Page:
As others have said, basically, no, it's the other way around. The K20D might be slightly better, but that's not because it has more pixels - it's because it is CMOS rather than CCD technology. And it's not *that* much better from what I've seen.

On the other hand, if you shoot RAW and have decent PP software to do noise reduction, you can get some pretty amazing results for ISO 1600 or 3200 on the K100D Super.

It also helps to get the exposure as bright as you can in camera. In low light, you are always struggling to get a fast enough shutter speed. So your best friend is gong to be a lens with a large maximum aperture (f/2.8 or lower). If you were shooting with a "slower" zoom like the 18-55, 50-200, 18-250, etc, where the maximum aperture is f/4 or f5.6, you'll be struggling. The best upgrade would be a "faster" lens (larger maximum aperture - meaning lower f-number).

Could you post some samples you weren't happy with and say what lens you were using, and what the aperture and shutter speed were?
02-22-2009, 11:22 PM   #7
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Looking forward, what do you guys see as happening in terms of noise in anything that might be announced at PMA? I've been holding out on getting the k20 in hopes that the possible 30 will have closer noise performance to the new-ish models from the other manufacturers. Thoughts?
02-24-2009, 12:37 AM   #8
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QuoteQuote:
dantekgeek Looking forward, what do you guys see as happening in terms of noise in anything that might be announced at PMA? I've been holding out on getting the k20 in hopes that the possible 30 will have closer noise performance to the new-ish models from the other manufacturers. Thoughts?
The K20's difference in noise is more related to its "hands-off" philosophy than it is to the competition's better performance. The K20 shows more noise in its images ( as well as more detail) at default because the K20 provides the user with the freedom to strike the delicate balance between noise and detail for him/herself. It is that simple! The K20 is performing on a par with the competition in terms of noise, particulalry when you consider the sensor size to MP ratio. If you want a K20's pics at higher ISO to resemble the competition, then crank up the noise reduction to Strong and there you have it, though even @ Strong the K20 will not give you the smearing which is so telling of the competition.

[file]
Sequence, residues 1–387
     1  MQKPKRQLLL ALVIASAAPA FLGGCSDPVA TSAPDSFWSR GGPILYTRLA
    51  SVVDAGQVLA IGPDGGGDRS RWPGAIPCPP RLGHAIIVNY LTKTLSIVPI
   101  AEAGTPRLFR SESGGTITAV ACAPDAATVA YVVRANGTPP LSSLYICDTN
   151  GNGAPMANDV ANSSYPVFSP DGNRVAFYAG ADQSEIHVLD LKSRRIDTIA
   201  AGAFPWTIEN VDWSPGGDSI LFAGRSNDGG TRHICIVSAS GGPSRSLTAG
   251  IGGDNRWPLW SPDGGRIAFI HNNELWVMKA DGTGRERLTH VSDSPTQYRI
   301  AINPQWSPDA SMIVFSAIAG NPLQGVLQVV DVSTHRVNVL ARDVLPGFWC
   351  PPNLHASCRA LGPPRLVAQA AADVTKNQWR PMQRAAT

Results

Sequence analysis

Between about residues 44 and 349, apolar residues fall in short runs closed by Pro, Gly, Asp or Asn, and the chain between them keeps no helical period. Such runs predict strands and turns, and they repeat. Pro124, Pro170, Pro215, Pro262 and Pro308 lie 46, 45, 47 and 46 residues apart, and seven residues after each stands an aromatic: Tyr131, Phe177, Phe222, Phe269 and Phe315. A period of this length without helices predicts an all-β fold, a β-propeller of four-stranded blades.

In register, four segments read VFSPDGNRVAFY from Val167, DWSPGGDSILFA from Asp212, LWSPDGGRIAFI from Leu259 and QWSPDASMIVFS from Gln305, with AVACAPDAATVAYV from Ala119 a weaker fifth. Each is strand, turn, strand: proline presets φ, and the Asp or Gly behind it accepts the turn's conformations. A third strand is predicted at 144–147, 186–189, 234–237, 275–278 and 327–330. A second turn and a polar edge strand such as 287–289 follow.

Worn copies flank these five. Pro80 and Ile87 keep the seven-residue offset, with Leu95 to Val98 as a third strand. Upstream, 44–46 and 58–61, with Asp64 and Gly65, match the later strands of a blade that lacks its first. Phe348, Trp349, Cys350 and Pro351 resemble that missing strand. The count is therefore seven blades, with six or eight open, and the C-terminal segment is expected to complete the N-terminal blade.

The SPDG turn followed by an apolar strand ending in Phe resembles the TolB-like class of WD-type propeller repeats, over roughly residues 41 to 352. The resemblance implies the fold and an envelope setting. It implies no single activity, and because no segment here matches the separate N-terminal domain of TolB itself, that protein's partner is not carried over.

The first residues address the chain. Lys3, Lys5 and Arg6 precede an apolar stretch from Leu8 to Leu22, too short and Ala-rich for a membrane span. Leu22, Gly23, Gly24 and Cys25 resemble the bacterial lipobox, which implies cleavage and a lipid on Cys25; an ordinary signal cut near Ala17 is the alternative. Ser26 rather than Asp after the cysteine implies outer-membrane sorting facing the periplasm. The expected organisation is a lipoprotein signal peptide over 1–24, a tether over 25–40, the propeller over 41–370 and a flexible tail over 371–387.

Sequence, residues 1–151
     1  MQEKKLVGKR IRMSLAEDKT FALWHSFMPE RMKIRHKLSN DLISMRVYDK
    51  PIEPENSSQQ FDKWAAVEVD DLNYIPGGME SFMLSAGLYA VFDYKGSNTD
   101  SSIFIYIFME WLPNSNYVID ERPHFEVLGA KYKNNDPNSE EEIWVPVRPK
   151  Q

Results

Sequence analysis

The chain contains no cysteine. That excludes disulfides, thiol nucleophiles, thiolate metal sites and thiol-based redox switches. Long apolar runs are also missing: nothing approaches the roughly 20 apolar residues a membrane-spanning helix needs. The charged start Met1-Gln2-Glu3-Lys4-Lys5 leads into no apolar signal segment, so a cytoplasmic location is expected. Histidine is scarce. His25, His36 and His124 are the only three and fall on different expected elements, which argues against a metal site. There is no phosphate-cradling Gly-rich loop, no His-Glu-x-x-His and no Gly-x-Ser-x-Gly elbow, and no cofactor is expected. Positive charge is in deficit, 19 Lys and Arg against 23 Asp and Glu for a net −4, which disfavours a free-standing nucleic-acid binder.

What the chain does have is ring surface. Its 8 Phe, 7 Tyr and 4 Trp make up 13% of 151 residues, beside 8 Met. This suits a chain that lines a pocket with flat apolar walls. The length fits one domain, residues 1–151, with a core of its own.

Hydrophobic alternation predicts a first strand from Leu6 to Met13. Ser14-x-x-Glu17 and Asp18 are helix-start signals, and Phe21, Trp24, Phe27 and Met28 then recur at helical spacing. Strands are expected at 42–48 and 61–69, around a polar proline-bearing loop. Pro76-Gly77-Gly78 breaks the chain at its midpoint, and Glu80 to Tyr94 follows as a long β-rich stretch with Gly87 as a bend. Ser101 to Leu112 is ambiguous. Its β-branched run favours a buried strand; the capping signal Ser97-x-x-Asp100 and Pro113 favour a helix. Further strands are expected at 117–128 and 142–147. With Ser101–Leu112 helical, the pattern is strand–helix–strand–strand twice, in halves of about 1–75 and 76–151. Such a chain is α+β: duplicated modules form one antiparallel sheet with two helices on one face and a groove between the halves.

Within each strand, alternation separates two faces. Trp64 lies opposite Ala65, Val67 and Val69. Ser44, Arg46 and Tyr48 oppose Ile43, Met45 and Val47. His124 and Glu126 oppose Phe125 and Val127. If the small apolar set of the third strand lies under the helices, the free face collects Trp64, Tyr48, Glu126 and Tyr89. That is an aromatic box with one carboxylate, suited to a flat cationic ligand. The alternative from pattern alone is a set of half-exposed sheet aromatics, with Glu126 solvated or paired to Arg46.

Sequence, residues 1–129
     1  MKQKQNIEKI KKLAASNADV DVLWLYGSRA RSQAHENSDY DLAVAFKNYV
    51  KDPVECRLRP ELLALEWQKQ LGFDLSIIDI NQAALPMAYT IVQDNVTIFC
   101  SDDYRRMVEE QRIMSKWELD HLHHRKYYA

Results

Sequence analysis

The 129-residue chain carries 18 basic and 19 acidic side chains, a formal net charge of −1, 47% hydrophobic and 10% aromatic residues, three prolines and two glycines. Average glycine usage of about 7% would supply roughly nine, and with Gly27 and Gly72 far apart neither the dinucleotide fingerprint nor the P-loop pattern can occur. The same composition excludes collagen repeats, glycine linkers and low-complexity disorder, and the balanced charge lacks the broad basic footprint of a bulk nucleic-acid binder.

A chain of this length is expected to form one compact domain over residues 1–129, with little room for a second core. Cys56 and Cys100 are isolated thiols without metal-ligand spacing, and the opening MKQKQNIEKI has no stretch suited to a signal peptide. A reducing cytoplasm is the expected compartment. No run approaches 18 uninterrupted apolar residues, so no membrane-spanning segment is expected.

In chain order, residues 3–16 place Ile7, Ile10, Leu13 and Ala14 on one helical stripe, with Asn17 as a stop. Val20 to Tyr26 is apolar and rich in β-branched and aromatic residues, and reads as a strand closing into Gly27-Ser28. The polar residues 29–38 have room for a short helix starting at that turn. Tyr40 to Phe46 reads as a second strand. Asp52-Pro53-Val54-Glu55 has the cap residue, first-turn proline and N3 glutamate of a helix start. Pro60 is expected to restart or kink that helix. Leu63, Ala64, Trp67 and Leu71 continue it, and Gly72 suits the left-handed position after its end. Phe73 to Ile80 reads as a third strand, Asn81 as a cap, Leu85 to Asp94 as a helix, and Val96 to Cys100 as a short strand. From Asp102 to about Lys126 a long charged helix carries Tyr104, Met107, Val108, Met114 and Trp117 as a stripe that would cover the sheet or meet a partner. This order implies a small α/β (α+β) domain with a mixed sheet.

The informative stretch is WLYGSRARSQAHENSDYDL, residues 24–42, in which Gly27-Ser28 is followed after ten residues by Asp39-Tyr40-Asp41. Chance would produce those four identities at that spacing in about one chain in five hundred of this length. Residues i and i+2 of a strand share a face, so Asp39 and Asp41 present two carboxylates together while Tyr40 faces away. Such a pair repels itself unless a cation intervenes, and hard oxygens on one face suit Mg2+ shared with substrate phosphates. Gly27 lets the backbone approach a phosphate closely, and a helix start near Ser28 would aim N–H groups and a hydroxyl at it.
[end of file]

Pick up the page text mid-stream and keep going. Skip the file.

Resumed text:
Pentax should be applauded for taking such a daring approach to the issue of noise because it demands a more educated and autonomous user. Educated and autonomous users are not the majority of buyers--one need consider this for a moment, me thinks. Even DPreview, not known as Pentax fanboys by the stretch of anyone's imagination, boldly acknowledges this fact in its K20 review which can be accessed here: Pentax K20D Review: 18. Photographic tests (Noise): Digital Photography Review I purposively picked up in the review where the discussion of noise begins: this is a direct comparison to Pentax competition. Also, below is an excerpt from the review which I find appropriate to your post Dantekgeek:


QuoteQuote:
Although we would expect many K20D owners to be willing to indulge in some degree of post-processing, it's still important that the JPEG output be optimized (or, at least, optimizable for each user's tastes). Noise reduction is always a fine balance between reducing noise and retaining detail and there are different attitudes towards where that balance should be struck. The K20D gives the user a degree of choice about their preferred output - light nr, luminance nr only, luminance and chroma nr, stronger luminance and chroma nr. However, even this heaviest setting is only comparable to the default noise reduction settings of its peers (in terms of detail, as well as noise). The K20D doesn't give the option to produce the smeared but essentially noise-free images that others offer.
In summary, you have, in the handling of noise, Pentax' bold and unique approach which sets it apart from its competition, not in terms of quality of performance; rather, Pentax is set apart from its competition in terms of the autonomy it affords its user. This is, in a nutshell, why many people come to Pentax--THEY DO NOT COME TO PENTAX TO RESEMBLE THE COMPETITION---THEY GREW OUT OF DOING THAT IN HIGH SCHOOL--THEY COME TO PENTAX TO DISTINGUISH THEMSELVES FROM THE COMPETITION.